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Pete Rose Didn’t Just Hurt Baseball, He Disgraced Sports Gambling

Posted by on Dec 15, 2015 in Blog, Essays, Sports Betting | 0 comments

 

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Major League Baseball made the correct decision.  Keep Pete Rose out.  Too bad gambling can’t do the same.

 

 

Yesterday, Commissioner Rob Manfred denied Pete Rose’s application for reinstatement to Major League Baseball.

Good.  The correct judgment was made.

Whether we agree with the letter and intent or not, baseball has rules.  Those rules are as strict as they are clear.  Rose not only violated those rules.  He obliterated them — both as a player and club manager.  Then, he lied thousands of times over the course of the next two decades to anyone and everyone gullible enough to listen to fairy tales about his past and present activities.  Finally, when cornered in a cesspool of lies and shown unmistakable physical evidence to the contrary, he lied again, and again.

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The Last Supper: “Buzio’s,” WSOP’s Favorite Restaurant Closes After 25 Years at Rio

Posted by on Dec 14, 2015 in Blog, Essays, Las Vegas, Personal, Restaurant Reviews | 5 comments

 

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The last two customers on the final night, with Darcy and Sally at Buzio’s (Rio)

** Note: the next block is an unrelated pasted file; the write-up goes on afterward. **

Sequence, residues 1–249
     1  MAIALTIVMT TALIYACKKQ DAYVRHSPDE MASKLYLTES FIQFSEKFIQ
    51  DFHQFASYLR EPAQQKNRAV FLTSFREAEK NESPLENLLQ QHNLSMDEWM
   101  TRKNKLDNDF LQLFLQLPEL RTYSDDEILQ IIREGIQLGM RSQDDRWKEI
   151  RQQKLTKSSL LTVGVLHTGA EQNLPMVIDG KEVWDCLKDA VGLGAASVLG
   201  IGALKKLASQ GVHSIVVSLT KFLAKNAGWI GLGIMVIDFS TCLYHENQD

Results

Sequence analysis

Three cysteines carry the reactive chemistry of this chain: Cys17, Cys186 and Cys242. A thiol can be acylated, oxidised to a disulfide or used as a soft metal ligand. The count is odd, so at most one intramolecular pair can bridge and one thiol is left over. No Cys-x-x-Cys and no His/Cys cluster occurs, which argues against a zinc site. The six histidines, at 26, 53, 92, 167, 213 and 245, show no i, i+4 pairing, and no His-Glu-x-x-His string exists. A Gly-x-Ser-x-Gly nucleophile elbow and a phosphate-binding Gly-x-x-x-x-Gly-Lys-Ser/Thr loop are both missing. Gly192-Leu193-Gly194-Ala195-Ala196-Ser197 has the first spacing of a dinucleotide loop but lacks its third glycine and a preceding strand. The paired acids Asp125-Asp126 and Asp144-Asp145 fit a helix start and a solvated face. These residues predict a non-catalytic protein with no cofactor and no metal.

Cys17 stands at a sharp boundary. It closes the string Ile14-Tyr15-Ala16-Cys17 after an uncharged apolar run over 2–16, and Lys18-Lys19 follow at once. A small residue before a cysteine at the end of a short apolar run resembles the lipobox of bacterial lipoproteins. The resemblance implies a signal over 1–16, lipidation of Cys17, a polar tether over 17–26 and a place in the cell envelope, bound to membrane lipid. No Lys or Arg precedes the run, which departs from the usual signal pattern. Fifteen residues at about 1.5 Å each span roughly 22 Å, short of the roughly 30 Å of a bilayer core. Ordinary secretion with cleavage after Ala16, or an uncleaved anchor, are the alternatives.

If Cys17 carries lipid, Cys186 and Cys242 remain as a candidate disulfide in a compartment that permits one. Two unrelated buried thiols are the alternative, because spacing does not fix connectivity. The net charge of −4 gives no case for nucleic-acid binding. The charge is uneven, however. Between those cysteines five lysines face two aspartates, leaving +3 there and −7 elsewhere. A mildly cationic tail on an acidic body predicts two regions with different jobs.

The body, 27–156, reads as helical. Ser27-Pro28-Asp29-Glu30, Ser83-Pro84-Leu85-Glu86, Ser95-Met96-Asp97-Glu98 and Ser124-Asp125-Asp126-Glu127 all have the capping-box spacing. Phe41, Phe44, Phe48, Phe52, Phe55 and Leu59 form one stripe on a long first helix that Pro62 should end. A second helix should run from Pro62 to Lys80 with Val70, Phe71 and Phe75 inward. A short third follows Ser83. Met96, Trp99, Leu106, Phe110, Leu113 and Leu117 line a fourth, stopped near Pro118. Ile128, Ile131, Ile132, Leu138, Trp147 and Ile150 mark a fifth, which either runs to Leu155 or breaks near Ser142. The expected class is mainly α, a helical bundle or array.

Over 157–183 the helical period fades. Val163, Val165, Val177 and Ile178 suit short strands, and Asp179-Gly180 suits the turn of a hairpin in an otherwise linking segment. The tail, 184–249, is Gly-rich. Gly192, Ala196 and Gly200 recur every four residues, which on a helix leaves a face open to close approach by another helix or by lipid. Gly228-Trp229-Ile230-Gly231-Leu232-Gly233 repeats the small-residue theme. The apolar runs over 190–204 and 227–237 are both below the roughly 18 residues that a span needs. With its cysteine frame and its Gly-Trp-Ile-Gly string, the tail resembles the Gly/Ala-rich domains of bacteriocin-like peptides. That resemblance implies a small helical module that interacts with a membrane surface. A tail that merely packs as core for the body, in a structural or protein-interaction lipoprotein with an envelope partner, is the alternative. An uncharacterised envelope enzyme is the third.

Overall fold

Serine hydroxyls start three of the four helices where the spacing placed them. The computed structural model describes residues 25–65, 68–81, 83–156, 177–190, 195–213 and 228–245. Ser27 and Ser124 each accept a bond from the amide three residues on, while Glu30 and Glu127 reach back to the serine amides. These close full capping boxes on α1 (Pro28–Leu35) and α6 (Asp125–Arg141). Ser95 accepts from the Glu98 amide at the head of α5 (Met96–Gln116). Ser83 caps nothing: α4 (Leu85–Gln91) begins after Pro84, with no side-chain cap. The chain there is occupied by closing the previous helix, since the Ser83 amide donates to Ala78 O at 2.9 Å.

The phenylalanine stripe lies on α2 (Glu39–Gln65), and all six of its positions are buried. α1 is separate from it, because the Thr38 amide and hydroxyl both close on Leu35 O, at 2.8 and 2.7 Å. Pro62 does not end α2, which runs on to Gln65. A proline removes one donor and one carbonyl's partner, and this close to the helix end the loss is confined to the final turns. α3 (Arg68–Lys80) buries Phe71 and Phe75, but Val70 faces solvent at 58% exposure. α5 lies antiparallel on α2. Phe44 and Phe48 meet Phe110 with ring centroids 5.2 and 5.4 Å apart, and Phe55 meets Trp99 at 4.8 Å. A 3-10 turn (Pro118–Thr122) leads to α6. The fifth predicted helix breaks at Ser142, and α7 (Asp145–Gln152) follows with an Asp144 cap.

Our fondest memories are of people and places.

For many, Buzio’s at the Rio in Las Vegas was one of the fondest of places because it was full of so many good people.  It was more than just a casual restaurant.  Buzio’s was a cradle of friendship and bastion of happiness.  It was a boardroom of wheeling and dealing.  It was a place to gossip, to drown our sorrows, and to celebrate.  If the World Series of Poker, held at the Rio each summer since 2005 had an office, a break room, a social club, a watering hole, and a place of reprieve and relaxation — it was most certainly the public alcove in the form of a once-popular seafood restaurant along the so-called “bad beat hallway” leading back to the main casino.

Buzio’s served its final meal on Saturday night — December 12, 2015.  After 25 years, the restaurant closed its doors for the last time, in order to make way for a new eatery which will eventually open on the spot where where poker players clamored each night for dinner reservations, where strategy was furiously rehashed and debated, where millions in poker deals were made over shrimp cocktails, where disappointments were doused and gradually forgotten, where tournament survival was toasted, and where innumerable lasting friendships were founded.  Hostilities on hold, competitors who tried to outfox each other during the WSOP competing for their livelihoods often dined out together at Buzio’s.  Poker doesn’t have many places around like this anymore.  Sadly now, it has one less such place.